It is likely possible that in the future, a combination of targeted traditional antimicrobials as well as the integration of novel inhibitor drugs into therapeutic usage will be a key treatment for bacterial infections in the future as the issue of antibiotic resistance continues to become more prominent. In any case, we can thank bioluminescence, Vibrio fischeri, and the Hawaiian bobtail squid for calling our attention to this incredible ability of bacteria: to “talk” amongst themselves.


Citations:

Jiang, et al. “Quorum Sensing: A Prospective Therapeutic Target for Bacterial Diseases.” BioMed Research International, Hindawi, 4 Apr. 2019, www.hindawi.com/journals/bmri/2019/2015978/.


Lee, Jasmine, and Lianhui Zhang. “The Hierarchy Quorum Sensing Network in Pseudomonas Aeruginosa.” Protein & Cell, Higher Education Press, Jan. 2015, www.ncbi.nlm.nih.gov/pmc/articles/PMC4286720/.


Li, Yung-Hua, and Xiaolin Tian. “Quorum Sensing and Bacterial Social Interactions in Biofilms.” Sensors (Basel, Switzerland), Molecular Diversity Preservation International (MDPI), 2012, www.ncbi.nlm.nih.gov/pmc/articles/PMC3376616/.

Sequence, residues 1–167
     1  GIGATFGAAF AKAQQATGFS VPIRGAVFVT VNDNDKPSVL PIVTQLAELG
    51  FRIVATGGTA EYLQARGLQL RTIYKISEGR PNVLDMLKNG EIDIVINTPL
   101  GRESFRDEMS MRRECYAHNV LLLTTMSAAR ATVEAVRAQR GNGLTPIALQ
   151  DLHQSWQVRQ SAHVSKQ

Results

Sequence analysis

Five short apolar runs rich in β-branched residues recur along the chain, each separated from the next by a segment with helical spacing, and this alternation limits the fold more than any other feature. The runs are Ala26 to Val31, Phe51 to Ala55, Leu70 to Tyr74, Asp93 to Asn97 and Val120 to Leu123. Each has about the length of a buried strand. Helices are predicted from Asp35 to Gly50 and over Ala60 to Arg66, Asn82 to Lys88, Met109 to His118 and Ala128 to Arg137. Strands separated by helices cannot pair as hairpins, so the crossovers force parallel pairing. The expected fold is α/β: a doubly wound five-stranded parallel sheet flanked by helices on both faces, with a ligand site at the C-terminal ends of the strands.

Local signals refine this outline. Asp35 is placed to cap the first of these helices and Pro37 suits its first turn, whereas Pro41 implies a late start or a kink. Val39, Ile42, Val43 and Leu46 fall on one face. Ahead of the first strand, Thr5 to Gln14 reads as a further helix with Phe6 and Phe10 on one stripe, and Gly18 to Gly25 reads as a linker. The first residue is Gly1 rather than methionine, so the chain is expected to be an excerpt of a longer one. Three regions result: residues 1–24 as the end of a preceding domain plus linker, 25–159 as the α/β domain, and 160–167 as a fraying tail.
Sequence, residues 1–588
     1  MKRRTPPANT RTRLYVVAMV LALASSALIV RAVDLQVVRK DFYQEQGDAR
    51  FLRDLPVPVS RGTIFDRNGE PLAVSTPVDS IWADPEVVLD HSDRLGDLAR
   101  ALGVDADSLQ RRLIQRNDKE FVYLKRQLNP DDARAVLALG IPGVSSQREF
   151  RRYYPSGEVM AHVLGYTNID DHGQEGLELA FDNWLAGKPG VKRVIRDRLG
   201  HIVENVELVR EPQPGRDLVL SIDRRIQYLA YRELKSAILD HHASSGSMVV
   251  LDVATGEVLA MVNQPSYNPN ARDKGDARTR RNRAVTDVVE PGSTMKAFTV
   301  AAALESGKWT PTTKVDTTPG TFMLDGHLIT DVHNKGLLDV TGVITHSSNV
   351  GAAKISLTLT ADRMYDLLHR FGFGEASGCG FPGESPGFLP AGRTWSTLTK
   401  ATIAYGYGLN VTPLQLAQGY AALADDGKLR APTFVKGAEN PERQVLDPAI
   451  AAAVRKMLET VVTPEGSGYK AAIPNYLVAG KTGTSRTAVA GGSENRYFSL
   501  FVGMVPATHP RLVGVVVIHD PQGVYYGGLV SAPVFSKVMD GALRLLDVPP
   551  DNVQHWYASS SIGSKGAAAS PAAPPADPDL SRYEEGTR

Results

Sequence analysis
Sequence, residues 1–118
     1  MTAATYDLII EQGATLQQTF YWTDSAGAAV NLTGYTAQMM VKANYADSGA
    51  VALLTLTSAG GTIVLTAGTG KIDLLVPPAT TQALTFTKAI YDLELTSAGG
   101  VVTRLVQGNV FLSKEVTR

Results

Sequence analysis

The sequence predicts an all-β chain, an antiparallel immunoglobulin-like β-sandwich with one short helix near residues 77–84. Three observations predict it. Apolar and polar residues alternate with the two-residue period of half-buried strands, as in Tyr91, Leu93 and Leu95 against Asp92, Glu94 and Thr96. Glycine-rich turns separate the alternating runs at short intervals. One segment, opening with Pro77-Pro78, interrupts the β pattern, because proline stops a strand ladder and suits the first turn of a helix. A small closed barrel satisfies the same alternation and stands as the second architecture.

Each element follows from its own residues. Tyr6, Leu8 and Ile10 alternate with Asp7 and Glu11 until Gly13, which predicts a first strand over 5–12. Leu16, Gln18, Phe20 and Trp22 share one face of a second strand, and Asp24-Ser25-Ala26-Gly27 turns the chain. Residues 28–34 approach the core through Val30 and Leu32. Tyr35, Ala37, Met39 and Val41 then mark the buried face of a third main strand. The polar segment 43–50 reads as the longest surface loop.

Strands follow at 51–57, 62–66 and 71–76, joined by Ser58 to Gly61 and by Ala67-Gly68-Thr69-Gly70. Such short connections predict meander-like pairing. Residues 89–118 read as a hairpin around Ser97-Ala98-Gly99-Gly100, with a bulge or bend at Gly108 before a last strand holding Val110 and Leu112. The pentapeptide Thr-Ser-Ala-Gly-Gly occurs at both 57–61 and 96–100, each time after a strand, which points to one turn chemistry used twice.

Li, Zhi, and Satish K Nair. “Quorum Sensing: How Bacteria Can Coordinate Activity and Synchronize Their Response to External Signals?” Protein Science : a Publication of the Protein Society, Wiley Subscription Services, Inc., A Wiley Company, Oct. 2012, www.ncbi.nlm.nih.gov/pmc/articles/PMC3526984/.


Miyashiro, Tim, and Edward G Ruby. “Shedding Light on Bioluminescence Regulation in Vibrio Fischeri.” Molecular Microbiology, U.S. National Library of Medicine, June 2012, www.ncbi.nlm.nih.gov/pmc/articles/PMC3359415/.


“Pseudomonas Aeruginosa Infection.” Centers for Disease Control and Prevention, Centers for Disease Control and Prevention, 13 Nov. 2019, www.cdc.gov/hai/organisms/pseudomonas.html.